Strategies, Policies and
Planning Premises
Strategy
A company’s strategy consists of the competitive
moves, internal operating approaches, and action
plans devised b...
Levels of Strategy
Levels of Strategy
1.

Corporate-level Strategy
The set of strategic alternatives that an organization
chooses from as it ...
Levels of Strategy-Making
Corporate
Strategy

Business
Strategies

Functional
Strategies
BCG Matrix*
Market Growth Rate

High
Stars

Cash
Cows

?

Question
Marks

Dogs

Low
High

Relative Market Share

Low
BCG Market Share/Market Growth Matrix
What is Strategic Planning?
Strategic planning is a systematic process
through which an organization agrees on
and builds ...
Strategic Planning
vs. Operational Planning
Strategic Planning
–
–
–
–
–
–

formulation
What, where
ends
vision
effectiven...
Three Big Strategic Questions
Where Are We
Now?
Where Do we Want
to Go?
How Will We Get
There?

1
Strategic Planning Process
Developing a Vision and a Mission
Assessment
Setting Objectives
Crafting a Strategy
Implementin...
Strategic Planning
First Stage of Strategic
Planning may involve:
Futures Thinking
– Thinking about what the
business migh...
Strategic Planning
The Vision
– Communicating to all staff where the
organisation is going and where
it intends to be in t...
Strategic Analysis
Constantly evaluate their position
Strategic analysis includes different methods
of assessing the curre...
Internal Audits
Productivity
Efficiency
Costs
Other Internal Data
– Labour turnover, absenteeism
– Customer satisfaction s...
External Audits
General business environment – Inflation, competitiveness,
unemployment/employment, growth, consumer spend...
SWOT
Analysis

Vision & Mission
An organization’s fundamental purpose

SWOT Analysis
To formulate strategies that support ...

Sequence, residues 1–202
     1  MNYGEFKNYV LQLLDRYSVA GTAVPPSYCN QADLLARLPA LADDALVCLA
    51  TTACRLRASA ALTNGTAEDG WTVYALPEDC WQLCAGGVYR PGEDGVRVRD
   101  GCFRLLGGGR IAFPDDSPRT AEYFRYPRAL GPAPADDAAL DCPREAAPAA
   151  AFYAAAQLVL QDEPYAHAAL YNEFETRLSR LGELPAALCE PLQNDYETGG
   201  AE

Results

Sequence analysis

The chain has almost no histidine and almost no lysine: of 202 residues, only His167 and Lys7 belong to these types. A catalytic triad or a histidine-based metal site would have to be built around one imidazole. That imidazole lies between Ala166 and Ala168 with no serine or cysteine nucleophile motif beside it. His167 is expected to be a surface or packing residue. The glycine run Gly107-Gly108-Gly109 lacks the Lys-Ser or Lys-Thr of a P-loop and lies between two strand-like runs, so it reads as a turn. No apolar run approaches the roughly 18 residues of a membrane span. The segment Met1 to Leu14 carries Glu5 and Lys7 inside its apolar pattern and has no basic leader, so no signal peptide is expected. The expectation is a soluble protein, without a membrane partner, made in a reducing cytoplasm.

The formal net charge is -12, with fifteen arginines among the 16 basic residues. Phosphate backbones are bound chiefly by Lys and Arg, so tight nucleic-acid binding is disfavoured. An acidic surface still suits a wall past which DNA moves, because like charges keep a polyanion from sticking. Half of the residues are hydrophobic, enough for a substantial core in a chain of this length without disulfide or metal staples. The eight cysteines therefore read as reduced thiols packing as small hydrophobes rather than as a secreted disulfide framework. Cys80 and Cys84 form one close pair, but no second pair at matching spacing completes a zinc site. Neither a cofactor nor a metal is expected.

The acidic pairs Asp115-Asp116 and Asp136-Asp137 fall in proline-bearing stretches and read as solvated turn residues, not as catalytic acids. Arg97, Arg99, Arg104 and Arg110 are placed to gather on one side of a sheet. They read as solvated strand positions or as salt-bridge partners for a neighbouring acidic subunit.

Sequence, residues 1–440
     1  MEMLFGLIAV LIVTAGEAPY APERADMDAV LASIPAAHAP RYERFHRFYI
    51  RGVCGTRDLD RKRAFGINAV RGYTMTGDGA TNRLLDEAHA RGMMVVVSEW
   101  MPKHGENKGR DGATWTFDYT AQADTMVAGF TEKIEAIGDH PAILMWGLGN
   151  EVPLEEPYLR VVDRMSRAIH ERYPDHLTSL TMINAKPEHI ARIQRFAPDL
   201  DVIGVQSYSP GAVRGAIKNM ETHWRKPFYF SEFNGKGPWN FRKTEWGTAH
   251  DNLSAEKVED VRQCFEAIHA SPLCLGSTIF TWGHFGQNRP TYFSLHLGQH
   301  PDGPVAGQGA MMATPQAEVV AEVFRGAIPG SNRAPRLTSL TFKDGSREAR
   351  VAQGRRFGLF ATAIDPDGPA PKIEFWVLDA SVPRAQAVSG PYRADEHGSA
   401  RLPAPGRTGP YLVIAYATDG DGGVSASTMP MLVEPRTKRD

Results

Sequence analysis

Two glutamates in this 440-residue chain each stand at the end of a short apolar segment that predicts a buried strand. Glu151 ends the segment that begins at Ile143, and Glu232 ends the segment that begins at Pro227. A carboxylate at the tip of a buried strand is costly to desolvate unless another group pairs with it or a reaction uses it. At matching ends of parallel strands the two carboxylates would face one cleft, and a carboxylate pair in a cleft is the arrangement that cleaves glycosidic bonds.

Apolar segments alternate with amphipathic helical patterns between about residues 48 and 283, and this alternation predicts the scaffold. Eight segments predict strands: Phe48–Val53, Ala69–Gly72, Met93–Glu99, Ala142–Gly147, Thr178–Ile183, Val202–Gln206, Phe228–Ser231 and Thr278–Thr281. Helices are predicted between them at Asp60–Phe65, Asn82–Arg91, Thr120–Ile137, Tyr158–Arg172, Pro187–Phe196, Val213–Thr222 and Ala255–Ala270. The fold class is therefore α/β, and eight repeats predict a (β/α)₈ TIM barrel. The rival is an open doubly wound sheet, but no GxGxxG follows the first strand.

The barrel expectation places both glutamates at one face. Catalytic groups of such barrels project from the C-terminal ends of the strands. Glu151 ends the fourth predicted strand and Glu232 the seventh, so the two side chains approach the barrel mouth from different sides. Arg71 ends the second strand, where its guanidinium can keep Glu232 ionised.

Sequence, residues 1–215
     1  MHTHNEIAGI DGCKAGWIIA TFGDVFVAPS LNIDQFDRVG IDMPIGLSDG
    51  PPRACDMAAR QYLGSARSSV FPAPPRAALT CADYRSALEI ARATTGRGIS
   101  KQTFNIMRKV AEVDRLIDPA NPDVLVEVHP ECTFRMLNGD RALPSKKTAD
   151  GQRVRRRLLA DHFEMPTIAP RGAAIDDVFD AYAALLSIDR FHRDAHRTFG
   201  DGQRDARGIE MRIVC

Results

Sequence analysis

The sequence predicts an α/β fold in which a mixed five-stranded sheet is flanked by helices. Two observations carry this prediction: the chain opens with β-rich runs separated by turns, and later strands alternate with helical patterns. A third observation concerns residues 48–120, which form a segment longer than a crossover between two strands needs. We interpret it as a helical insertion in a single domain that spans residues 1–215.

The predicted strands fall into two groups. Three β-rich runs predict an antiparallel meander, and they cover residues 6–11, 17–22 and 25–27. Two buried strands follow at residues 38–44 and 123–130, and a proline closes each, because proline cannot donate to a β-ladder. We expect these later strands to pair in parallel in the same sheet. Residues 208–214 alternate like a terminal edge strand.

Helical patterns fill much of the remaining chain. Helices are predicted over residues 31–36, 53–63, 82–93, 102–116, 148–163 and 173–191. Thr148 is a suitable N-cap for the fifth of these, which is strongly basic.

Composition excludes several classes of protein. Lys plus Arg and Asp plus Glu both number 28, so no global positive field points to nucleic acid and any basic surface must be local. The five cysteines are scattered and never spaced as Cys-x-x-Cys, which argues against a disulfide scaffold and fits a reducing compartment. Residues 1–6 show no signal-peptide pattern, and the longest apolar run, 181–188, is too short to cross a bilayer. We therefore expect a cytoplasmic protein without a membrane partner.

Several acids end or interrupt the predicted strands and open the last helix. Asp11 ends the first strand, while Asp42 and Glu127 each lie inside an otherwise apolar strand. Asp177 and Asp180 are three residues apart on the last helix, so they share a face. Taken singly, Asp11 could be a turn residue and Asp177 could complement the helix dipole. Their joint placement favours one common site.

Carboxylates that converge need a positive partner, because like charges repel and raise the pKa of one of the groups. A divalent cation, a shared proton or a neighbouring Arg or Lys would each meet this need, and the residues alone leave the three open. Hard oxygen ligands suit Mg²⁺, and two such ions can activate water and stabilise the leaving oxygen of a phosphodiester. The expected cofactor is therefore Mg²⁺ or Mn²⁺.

Strength’s
Strength’s – Those things that you do well, the
high value or performance points
Strengths can be tangible: Loy...
Weaknesses
Weaknesses – Those things that prevent you from
doing what you really need to do
Since weaknesses are internal,...
Opportunities
Opportunities – Potential areas for growth and
higher performance
External in nature – marketplace, unhappy
...
Threats
Threats – Challenges confronting the
organization, external in nature
Threats can take a wide range – bad press
co...
Five Forces Model of Competition
Substitute Products
(of firms in
other industries)

Suppliers
of Key
Inputs

Rivalry
Amon...
Porter’s Five Competitive Forces
1. Threat of new entrants
2. Competitive rivalry

3. Threat of substitute products
4. Pow...
Gap Analysis
Vision

Assessment

Gap = Basis for LongGap = Basis for LongTerm Strategic Plan
Term Strategic Plan

2
Setting Objectives
The purpose is to
convert the mission into
Specific Performance
Targets
Yardsticks for tracking
company...
Crafting a Strategy

2
Generic Strategies
Porter’s Generic Strategies
1. Differentiation strategy
» An organization seeks to distinguish itself f...
Types of Strategy
Market Dominance
Achieved through:
– Internal growth
– Acquisitions – mergers and takeovers
New product ...
Strategy Implementation
Technology
Human Resource
Reward System
Decision Process

2
Characteristic of the Good
Strategy Implementation
An ongoing exercise
Proper Communication
Contingency Plan
Emphasis on O...
DECISION-MAKING

3
What is Decision-Making?
 Decision making
– The process of choosing a course of

action for dealing with a problem or
opp...
Types of Decisions
– Programmed decisions.
» Involve routine problems that arise regularly

and can be addressed through s...
Decision environments
– Certain environments.
– Risk environments.
– Uncertain environments.

3
Certain environments.
– Exist when information is sufficient to

predict the results of each alternative in
advance of imp...
Risk environments
– Exist when decision makers lack complete

certainty regarding the outcomes of
various courses of actio...
Uncertain environments.

– Exist when managers have so little information

that they cannot even assign probabilities
.
– ...
Classical Vs. Behavioral Decision Theory
 Classical decision theory.
– Views the decision maker as acting in a
world of c...
Classical decision theory
– The classical decision maker:
» Faces a clearly defined problem.